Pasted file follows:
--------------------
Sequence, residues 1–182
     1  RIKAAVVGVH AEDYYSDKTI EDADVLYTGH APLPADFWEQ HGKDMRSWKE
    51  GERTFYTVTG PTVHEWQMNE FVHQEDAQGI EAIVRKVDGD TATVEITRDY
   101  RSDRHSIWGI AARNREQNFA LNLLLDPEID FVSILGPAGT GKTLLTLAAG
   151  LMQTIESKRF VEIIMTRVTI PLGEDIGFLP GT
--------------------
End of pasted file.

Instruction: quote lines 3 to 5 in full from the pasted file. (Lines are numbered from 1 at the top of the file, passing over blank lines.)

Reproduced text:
    51  GERTFYTVTG PTVHEWQMNE FVHQEDAQGI EAIVRKVDGD TATVEITRDY
   101  RSDRHSIWGI AARNREQNFA LNLLLDPEID FVSILGPAGT GKTLLTLAAG
   151  LMQTIESKRF VEIIMTRVTI PLGEDIGFLP GT